Being recruited is like going through an interview process. College coaches are listening to what you say. They are trying to determine if they want to spend 4-5 years with you. Coaches choose who to invite and who to pass over. They are not obligated to invite you to be part of their program.
With that in mind here is a list of some things you should never say to the coaches who are recruiting you. All the things on this list are from conversations I had with recruits. Unfortunately these were not rare mistakes. I heard them frequently, and often stopped recruiting the athlete.
How much scholarship can you give me?
Over the course of the recruiting, coaches don’t mind having discussions about scholarships. It is an important part of the process. However, opening up with “How much can you give me?” gives a poor first impression. This is not a conversation for the first couple of phone calls. After a few conversations with the coach be tactful in how you bring up scholarships. “How do you see me fitting into your program?” followed by, “When will I know if you will offer me a scholarship?” Never have these conversations before a coach has seen you play, at least on video.
Yes. No. I don’t know.
Kids who cannot communicate with an adult are one of the biggest issues coaches face. Coaches ask questions and get one word responses. There are a lot of athletes to recruit. Coaches will choose kids who are able to carry on a conversation. Train yourself to add an additional piece of information to your Yes/No answer. If a coach says, “Did you have a good Thanksgiving?” Say “Yes,” and then add, “We went to my grandparents house…” Notch it up another level by asking a reciprocal question (when appropriate), “How was your Thanksgiving?” This is how adults communicate.
Say nothing and let your parents do the talking.
Parents all think they can communicate better than their children and often they can, but the coach is not recruiting the parent. An overbearing parent is one of the biggest red flags for a coach. Coaches are going to spend the next 4-5 years with you, not your mom or dad.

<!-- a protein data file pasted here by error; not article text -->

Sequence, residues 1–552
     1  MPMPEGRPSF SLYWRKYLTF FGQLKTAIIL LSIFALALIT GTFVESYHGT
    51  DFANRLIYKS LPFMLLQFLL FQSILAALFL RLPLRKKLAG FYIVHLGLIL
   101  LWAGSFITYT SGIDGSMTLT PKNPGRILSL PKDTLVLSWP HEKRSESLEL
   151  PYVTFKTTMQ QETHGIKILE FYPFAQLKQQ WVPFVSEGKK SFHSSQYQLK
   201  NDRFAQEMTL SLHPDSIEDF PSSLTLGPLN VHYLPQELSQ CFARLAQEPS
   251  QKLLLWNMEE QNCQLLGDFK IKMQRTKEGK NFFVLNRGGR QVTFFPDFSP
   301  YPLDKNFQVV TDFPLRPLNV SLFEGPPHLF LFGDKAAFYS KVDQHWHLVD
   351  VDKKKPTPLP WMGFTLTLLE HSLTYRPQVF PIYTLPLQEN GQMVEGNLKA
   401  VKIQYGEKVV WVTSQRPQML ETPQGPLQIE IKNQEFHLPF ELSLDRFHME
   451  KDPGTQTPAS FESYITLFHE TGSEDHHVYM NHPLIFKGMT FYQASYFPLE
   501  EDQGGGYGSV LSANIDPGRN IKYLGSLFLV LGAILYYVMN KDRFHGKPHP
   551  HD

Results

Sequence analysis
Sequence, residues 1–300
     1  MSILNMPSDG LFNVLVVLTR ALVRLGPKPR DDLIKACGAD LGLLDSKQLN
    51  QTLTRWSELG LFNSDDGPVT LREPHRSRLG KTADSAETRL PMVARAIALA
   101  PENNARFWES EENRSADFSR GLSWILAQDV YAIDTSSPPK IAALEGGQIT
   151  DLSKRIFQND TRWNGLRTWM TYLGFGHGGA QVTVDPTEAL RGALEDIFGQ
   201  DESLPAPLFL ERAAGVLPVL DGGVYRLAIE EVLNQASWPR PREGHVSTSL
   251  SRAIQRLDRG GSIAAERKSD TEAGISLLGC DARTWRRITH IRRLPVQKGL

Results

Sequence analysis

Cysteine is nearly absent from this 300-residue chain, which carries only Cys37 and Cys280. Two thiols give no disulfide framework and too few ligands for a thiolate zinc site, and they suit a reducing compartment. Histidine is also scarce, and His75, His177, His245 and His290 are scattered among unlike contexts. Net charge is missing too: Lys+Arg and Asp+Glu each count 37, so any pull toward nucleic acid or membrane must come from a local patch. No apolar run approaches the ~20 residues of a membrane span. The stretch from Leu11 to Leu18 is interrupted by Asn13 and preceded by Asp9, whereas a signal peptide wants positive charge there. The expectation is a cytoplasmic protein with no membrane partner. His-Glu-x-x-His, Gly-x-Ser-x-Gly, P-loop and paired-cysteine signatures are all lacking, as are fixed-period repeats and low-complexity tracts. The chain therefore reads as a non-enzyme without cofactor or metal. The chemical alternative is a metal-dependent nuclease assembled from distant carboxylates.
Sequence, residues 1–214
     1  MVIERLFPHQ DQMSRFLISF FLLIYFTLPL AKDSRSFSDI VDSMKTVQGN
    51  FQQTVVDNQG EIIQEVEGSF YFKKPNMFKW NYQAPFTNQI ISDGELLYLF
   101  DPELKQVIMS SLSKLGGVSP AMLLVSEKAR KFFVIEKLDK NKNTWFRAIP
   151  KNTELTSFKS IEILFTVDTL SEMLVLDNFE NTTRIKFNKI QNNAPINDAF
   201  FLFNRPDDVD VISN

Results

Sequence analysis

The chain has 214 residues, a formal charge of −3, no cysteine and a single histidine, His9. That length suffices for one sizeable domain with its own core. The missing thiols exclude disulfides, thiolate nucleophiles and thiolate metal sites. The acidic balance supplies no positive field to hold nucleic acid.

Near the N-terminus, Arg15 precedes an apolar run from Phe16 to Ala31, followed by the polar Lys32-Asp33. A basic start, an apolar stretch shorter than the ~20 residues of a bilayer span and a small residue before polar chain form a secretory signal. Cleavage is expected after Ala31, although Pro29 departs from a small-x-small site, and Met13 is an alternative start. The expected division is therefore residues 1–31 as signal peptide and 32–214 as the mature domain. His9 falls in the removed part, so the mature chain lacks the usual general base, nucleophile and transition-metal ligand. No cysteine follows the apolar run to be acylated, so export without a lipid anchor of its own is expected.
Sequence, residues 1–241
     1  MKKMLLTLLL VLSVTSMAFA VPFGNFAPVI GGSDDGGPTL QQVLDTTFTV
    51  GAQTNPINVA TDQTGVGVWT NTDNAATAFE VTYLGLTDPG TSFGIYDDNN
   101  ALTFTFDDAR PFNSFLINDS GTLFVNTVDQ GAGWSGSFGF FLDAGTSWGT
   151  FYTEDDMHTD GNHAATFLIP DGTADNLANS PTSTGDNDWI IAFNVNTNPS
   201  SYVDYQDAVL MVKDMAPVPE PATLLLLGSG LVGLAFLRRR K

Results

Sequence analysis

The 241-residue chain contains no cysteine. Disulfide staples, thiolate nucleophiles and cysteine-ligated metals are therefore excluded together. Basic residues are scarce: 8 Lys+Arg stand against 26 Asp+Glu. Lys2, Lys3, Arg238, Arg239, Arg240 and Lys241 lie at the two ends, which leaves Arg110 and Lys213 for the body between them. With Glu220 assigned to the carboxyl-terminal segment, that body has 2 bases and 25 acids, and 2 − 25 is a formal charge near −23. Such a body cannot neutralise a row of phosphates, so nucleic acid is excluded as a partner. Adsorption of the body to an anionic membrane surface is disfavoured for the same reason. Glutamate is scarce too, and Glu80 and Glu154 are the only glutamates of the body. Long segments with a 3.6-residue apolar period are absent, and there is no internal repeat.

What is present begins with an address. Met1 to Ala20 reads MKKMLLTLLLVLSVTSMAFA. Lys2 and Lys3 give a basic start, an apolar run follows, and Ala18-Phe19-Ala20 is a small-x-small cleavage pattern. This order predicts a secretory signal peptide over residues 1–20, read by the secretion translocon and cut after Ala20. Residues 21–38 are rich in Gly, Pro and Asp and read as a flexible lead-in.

“I prefer to see parents that offer advice and help guide their child to a sound college decision, but do not make the college decision for them. I think parents are certainly entitled to ask questions during the recruiting process for the sake of offering sound guidance…but the athlete should dominate their side of the conversation with the parents asking questions on anything the athlete missed or on any answers they didn’t understand.” Coach Rick Hammer, Edinboro University
Avoid these three mistakes like the plague. If you want to be remembered by a coach and stand out from a thousand other prospects, see my definitive list to keep you from disappearing, going unnoticed, and being forgotten: How can I get a college coach to notice me?
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P.S. This post originally appeared in our email series where I included 7 things you never say to a coach. If you want to receive emails like this and other exclusive content, sign up for our email list. As a bonus you will receive a free PDF, “6 Reasons a College Coach Won’t Give You a Scholarship”